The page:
"The law of trademark protects trademark owners in the exclusive use of their marks when use by another would be likely to cause confusion." Interpace Corp. v. Lapp, Inc. 721 F.2d 460, 462 (3d Cir. 1983); see also Fisons Horticulture, Inc. v. Vigoro Industries, Inc., 30 F.3d 466 (3d Cir. 1994); Scott Paper Co. v. Scott's Liquid Gold, Inc., 589 F.2d 1225, 1228 (3d Cir. 1978). Trademark infringement claims under the Lanham Act, 15 U.S.C. § 1114(1)*fn5 and federal unfair competition claims under the Lanham Act, 15 U.S.C. § 1125(a)*fn6 are measured by identical standards. A&H Sportswear, Inc. v. Victoria's Secret Stores, Inc., 237 F.3d 198, —, 2000 WL 1763334, *11 (3d Cir. 2000). To prevail on a claim under either 15 U.S.C. § 1114(1) or § 1125(a), a plaintiff must establish that: "(1) the mark is valid and legally protectable; (2) the mark is owned by the plaintiff; and (3) the defendant's use of the mark to identify goods or services is likely to create confusion concerning the origin of the goods or services." Fisons Horticulture, 30 F.3d at 472 (citing Ford Motor Co. v. Summit Motor Products, Inc., 930 F.2d 277, 291 (3d Cir. 1991)); Express Services, Inc. v. Careers Express Staffing Services, 176 F.3d 183, 185 (3d Cir. 1999); A&H Sportswear, 237 F.3d at ___, 2000 WL 1763334 at *11.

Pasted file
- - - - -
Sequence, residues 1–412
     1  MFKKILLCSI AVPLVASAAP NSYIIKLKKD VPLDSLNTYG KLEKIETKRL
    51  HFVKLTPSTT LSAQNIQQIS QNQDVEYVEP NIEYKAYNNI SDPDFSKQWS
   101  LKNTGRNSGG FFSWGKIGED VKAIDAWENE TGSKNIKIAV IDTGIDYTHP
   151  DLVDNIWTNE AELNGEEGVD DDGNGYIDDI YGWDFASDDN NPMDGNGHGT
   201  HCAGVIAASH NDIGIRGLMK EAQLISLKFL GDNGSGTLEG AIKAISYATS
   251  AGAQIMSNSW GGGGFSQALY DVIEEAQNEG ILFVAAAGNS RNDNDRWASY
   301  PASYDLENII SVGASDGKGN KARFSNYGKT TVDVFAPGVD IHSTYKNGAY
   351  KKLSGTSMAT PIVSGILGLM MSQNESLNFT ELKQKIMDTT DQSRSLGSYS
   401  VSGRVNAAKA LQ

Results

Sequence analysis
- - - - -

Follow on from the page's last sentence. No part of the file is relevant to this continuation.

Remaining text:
The first two requirements, validity/ legal protectability and ownership, are automatically proven when a mark is federally registered and has become "incontestible" under the Lanham Act, 15 U.S.C. § 1058 and 1065. Fisons Horticulture, 30 F.3d at 472 (citations omitted). The Vogue Trademarks are federally registered,*fn7 owned by AMP and are "incontestible" under 15 U.S.C. § 1065. (See Cmpl., Ex. 2). Although certain defenses exist to the validity of an incontestible mark, none have been raised here. In addition, this Court finds that the Vogue Trademarks are widely recognized by the purchasing public and are "inherently distinctive" and therefore valid and legally protectable. See Fisons Horticulture, 30 F.3d at 472 (citing Ford Motor, 930 F.2d. at 291).*fn8

[2] The use of a precisely similar name is not required for a finding of trademark infringement under Sections 32 and 43(a) of the Lanham Act. Fisons Horticulture, 30 F.3d at 477; Jews for Jesus v. Brodsky, 993 F. Supp. 282, 296 (D.N.J. 1998). A name which is "confusingly similar" or a "colorable imitation" of the trademark is sufficient. "Marks are confusingly similar if ordinary consumers are likely to conclude that they share a `common source, affiliation, connection or sponsorship.'" Jews for Jesus, 993 F. Supp. at 296 (citing Fisons Horticulture, 30 F.3d at 477). In this instance, since the names used by defendants actually incorporate the term "Vogue" which is a registered trademark of AMP, plaintiff has demonstrated a likelihood of success on the merits that such terms are both colorable imitations of, and confusingly similar to, the Vogue Trademarks.

[3, 4] The third requirement of trademark infringement under Sections 32 and 43(a) of the Lanham Act, 15 U.S.C. § 1114(1), 1125(a), is that the plaintiff demonstrate a "likelihood of confusion" by consumers. The Third Circuit in Scott Paper Co., 589 F.2d at 1229, set forth ten factors to be considered in evaluating the likelihood of confusion by consumers:

(1) the degree of similarity between the owner's mark and the allegedly infringing mark;

(2) the strength of the owner's mark;

(3) the price of the goods and other factors indicative of the care and attention expected of ...